2/3 cup boiling water
2 cups ice cubes
8oz or 3 1/2 cups Cool Whip
(Don't use low fat or fat free they won't work.)
2 cups berries
1 pre-baked pie shell

Dissolve Jello in boiling water, stir for 3 min. Add ice, stir for 3 min. Remove ice. Use wire whip and add Cool Whip. Fold in fruit and put in pie shell.


orange gelatin: take two

If at first you don't succeed, try, try again. Well, I tried the orange juice gelatin again only this time I used half the amount of orange juice, a box of Jello and a can of mandarin oranges. And this time it turned out just the way I wanted it to. Only I haven't quite mastered how long to wait before adding the fruit so it won't float to the top.

On a side note: I must admit, I've very concerned. When I went to Safeway to buy the box of Jello, they had cut their Jello stock in half! They no longer have generic brands of Jello, hardly any of the small boxes, and only a limited selection of the large boxes. The extra shelving was filled with pre-made Jello cups and pudding cups. What's the world coming too?!? Don't people ever want to make Jello anymore in molds? Or make Jello cakes? Or any of the other wonderful recipes involving boxes of Jello mix? I'm afraid boxes of Jello will soon become one of those hard to find novelties, like Junket, Sprite in a bottle and carbon paper. I guess I'd better stock up.

orange gelatin

In my attempt to add more Vitamin C to my diet, I thought I'd try making Jello with orange juice instead of Jello and water. So basically, it's not Jello. I used the recipe on the gelatin box for Knox blocks, but it turned out super bitter and sour. I guess I should have used more sugar, or used a box of orange Jello with the orange juice. Anyhow, at least it set up nice...

lobster and son

Here is my latest Jello mold. It's the baby lobster made from the jello mold given to me by my neighbors Dave and Trina. Thanks! My Jello lobster needed some family.

snow storm jello

It's basically chiffon pie filling with double the Jello, two packets of unflavored gelatin and mini-marshmallows. Yum!
p.s. Yes, it's really that blue.

tower o'jello

My latest lemon-lime-orange Jello mold fresh out of the mold this morning.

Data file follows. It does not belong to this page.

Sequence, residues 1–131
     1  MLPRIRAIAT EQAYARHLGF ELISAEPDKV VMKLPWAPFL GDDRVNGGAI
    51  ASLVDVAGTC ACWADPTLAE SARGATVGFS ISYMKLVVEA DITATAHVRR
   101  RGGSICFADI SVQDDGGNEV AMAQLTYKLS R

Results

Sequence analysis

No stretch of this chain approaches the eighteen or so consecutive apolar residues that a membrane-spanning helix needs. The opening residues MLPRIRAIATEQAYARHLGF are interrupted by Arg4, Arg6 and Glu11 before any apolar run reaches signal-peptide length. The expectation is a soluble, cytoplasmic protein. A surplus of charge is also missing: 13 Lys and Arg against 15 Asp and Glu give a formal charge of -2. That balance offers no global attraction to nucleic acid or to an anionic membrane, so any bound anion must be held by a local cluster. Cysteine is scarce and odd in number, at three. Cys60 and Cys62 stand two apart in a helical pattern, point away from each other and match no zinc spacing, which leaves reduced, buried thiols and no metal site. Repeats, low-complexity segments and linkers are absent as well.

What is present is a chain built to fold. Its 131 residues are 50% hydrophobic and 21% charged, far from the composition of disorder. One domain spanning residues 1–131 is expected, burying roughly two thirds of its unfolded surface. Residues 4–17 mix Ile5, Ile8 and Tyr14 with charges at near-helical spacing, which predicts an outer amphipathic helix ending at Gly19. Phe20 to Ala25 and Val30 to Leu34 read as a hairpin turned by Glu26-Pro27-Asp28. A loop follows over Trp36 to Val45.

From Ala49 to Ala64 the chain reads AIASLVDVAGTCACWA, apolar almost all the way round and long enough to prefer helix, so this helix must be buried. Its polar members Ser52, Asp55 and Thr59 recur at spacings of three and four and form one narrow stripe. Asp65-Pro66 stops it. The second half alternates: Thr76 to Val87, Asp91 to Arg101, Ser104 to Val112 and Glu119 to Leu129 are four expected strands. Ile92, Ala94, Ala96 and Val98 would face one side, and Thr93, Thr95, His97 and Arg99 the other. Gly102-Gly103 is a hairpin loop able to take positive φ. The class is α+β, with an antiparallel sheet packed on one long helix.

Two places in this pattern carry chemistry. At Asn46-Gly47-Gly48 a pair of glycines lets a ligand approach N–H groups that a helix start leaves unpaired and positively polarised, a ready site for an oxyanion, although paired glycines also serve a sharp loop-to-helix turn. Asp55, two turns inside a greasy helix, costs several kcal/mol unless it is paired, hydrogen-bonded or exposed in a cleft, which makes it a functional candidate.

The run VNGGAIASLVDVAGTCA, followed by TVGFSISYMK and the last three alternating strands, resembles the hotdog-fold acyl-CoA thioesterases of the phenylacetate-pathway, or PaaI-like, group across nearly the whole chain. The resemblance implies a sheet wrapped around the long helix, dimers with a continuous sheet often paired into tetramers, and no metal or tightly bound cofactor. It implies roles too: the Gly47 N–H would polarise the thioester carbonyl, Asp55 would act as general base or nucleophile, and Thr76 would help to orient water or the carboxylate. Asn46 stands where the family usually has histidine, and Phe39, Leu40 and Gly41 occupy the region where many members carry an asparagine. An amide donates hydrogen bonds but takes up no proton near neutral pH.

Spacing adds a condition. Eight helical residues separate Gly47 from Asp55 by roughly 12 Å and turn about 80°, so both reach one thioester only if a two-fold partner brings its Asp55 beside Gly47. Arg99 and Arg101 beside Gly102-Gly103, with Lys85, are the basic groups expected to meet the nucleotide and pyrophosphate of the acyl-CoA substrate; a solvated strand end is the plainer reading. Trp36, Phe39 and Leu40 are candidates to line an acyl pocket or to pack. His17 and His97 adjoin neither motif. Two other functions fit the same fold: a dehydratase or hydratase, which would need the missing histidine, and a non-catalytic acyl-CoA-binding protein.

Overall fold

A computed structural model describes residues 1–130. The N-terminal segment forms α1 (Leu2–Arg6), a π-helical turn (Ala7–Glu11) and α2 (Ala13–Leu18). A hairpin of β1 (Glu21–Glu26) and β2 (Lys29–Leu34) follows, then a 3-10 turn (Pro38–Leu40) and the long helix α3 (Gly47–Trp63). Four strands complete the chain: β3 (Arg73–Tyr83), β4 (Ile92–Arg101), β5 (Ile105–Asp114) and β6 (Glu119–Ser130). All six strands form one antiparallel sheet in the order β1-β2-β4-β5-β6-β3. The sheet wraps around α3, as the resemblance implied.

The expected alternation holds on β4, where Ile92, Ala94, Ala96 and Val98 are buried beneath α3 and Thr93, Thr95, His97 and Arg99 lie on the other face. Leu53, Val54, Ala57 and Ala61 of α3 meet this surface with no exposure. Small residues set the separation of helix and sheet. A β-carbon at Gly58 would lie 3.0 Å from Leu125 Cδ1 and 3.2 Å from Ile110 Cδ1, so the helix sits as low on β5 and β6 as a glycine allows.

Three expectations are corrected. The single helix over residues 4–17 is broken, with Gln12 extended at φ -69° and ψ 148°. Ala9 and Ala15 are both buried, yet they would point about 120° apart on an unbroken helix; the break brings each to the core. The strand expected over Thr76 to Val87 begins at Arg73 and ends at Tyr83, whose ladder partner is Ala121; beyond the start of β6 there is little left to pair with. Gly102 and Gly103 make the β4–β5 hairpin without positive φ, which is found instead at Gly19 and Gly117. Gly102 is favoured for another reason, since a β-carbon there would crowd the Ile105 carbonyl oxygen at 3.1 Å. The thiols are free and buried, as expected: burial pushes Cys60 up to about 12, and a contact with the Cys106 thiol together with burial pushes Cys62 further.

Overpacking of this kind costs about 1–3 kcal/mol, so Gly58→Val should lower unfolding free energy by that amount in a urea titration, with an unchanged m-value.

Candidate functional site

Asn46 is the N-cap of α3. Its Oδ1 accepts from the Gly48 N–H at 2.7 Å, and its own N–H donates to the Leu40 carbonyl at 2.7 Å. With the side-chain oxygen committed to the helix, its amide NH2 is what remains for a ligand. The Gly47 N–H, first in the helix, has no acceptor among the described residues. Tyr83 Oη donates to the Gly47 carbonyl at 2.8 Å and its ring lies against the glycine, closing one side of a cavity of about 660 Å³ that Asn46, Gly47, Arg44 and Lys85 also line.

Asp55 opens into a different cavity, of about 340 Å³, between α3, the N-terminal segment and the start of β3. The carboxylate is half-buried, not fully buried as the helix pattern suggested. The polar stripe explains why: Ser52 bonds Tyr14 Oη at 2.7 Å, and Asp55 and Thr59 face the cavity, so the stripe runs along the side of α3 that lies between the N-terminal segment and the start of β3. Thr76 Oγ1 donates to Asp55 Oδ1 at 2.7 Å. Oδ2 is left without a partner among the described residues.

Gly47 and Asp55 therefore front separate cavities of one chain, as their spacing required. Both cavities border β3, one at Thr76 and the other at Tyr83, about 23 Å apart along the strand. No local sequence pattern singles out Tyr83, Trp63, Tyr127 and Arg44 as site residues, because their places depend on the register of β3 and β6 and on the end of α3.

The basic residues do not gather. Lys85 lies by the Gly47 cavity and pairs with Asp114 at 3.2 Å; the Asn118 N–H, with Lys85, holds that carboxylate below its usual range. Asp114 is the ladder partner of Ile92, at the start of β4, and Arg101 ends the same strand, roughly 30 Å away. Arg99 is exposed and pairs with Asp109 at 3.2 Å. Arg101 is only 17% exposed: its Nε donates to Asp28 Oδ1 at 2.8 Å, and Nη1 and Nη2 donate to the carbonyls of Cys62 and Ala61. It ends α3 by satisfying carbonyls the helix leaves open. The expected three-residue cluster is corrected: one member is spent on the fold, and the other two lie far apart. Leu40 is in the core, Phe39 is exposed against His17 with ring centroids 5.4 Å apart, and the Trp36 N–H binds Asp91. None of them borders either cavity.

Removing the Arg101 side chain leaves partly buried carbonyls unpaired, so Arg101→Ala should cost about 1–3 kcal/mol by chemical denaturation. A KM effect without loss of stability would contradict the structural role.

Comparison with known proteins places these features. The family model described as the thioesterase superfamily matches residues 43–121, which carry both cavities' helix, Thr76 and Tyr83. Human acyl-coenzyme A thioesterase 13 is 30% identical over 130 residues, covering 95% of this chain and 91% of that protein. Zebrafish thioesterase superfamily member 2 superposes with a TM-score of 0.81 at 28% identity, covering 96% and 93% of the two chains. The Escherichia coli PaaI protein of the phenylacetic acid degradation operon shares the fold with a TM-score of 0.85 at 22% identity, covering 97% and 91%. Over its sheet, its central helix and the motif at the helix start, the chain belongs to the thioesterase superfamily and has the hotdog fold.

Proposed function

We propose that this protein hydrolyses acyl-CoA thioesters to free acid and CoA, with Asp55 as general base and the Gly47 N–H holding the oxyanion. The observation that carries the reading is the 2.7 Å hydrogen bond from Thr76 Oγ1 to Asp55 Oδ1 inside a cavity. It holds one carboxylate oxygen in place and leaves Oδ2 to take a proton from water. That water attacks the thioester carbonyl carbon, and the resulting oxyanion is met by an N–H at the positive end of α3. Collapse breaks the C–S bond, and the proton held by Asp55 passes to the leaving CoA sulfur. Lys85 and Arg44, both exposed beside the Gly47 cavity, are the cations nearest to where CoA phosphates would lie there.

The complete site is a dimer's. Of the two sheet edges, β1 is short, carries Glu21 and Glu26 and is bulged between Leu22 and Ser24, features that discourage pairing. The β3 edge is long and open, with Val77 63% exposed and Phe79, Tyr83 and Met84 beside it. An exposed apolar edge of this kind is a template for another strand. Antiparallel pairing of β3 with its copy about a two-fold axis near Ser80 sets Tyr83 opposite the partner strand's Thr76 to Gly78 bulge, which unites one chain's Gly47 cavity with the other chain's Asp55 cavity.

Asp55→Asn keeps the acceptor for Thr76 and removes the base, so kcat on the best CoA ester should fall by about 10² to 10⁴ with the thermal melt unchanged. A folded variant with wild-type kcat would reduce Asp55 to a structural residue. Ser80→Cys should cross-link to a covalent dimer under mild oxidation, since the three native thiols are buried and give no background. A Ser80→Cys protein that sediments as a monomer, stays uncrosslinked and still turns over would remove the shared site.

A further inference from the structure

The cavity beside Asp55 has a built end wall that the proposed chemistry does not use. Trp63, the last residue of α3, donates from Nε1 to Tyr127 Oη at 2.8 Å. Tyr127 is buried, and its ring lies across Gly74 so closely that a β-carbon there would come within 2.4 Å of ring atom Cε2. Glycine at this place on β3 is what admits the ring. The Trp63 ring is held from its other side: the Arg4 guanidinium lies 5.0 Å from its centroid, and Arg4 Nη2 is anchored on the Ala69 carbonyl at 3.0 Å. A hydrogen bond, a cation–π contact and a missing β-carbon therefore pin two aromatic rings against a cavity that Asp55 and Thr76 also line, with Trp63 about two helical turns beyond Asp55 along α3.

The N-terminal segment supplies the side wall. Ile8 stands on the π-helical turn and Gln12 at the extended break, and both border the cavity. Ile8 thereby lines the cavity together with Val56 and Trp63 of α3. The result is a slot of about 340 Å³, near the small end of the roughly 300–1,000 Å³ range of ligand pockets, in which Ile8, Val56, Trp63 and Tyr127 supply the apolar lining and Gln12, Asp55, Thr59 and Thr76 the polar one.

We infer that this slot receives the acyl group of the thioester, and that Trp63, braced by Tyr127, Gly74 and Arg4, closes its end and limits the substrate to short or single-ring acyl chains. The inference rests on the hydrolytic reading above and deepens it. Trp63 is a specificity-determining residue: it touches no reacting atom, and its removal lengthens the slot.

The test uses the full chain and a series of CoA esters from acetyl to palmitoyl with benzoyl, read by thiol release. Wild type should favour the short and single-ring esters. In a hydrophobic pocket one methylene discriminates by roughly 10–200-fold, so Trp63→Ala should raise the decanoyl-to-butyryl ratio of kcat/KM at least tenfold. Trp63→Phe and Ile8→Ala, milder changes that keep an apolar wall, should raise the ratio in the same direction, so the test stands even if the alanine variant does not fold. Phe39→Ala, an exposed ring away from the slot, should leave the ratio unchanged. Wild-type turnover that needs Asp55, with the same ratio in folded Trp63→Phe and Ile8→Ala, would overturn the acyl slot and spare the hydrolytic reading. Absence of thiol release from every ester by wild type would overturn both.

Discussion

lobster jello

Here's my Goodwill find of the week. I've been looking for one of these forever! A lobster shaped jello mold. Perfect for those jellied seafood salads. Mmm... Only since I prefer my jello without veggies and meat. I made a Marciano cherry jello mold instead.

plumcot jello

Here's the Plumcot Jello mold I made last night. I used apricot Jello and added chunks of plumcots, (plum crossed with apricots). It turned out pretty good. But I was experimenting with how long I need to chill it before adding the fruit so they won't float to the top. Apparently, one hour is too long, it got sort of chunky. Forty-five minutes should be just right for next time.

the successful failure

Like Apollo 13, this Jello mold was a successful failure. Yeah, it looks okay, it came out of the mold, it tastes great. But that's not how it's suppose to look. I guess I went wrong by pretending I was on a cooking show when I was making it. Ah, cooking shows... They're nice really. But not very practical in the real world. In cooking shows the chefs make everything look so easy. They just dump everything into a bowl without a second thought. Then they throw it up into the air and catch it. I'm not sure why this is so important to cooking, but they all do it. (I think it's just for show.) I've also learned it's not such a good idea to try this at home... while making Jello... unless you want it to end up on the floor. But that's okay on cooking shows too. They can just edit that part out. It never happened. What the chef burn his hand because the hot pad slipped? Never! Burn an entrée? Impossible! Cut their finger with a knife? Only Julia Child. And time is so wonderful in Cooking Show Land. "Yes," the amazing chef on t.v. says, "I'll just bake this right here, in this wood oven, in the stone cottage on this Parisian hillside, at 450 degrees for 35 minutes, decrease the temperature to 300 degrees bake for 4 hours, increase the oven temperature to 350 degrees, bake for 2 additional hours and... (The scene fades out... fades in...) Oh look! Here's one all finished from backstage... mmmm... it's delicious." If only life were so simple. Yes, I just totally screwed up the one I was making, but it's okay. I have a perfect one finished backstage.

Well, my small apartment doesn't have a backstage. And when I just dump things into a bowl without a second thought, I usually regret it. And most importantly, I live in real time, not cooking show time. And that was my fatal mistake. My Jello mold was suppose to have a lemon layer with Marciano cherries for fruit dots, and then a bananna layer and finally a cherry Jello layer on top. (Well, I guess it's on the bottom once you flip the whole thing over.) Anyhow I made the lemon and bananna part perfectly. Let it cool for a half hour... Only, it should have been longer. Last time I let it cool overnight, I should have done what I did last time. It felt set up enough, so I poured the cherry Jello on top and put it back in the frig. And a half hour later... all the banannas had floated to the top and the lemon layer was mixed with the cherry. I felt bad.

But it will be okay, it's just a Jello mold. And most importantly, it still tastes great!


the amazing jello goldfish

Here is The Amazing Jello Goldfish. The Amazing Jello Goldfish is made with orange D'Gari Gelatin Dessert from Winco and a can of Butterfly Fruit Cocktail from Fubons containing pineapple, guava, papaya and coconut gel. I also added an envelope of Knott's unflavored gelatin, just in case it needed some extra hold.
The Amazing Jello Goldfish turned out quite delicious...
Although, I guess there isn't actually any Jello in it.

i really love jello

A lemon, bananna, orange sherbet mold.

i love jello

Jello never ceases to amaze me.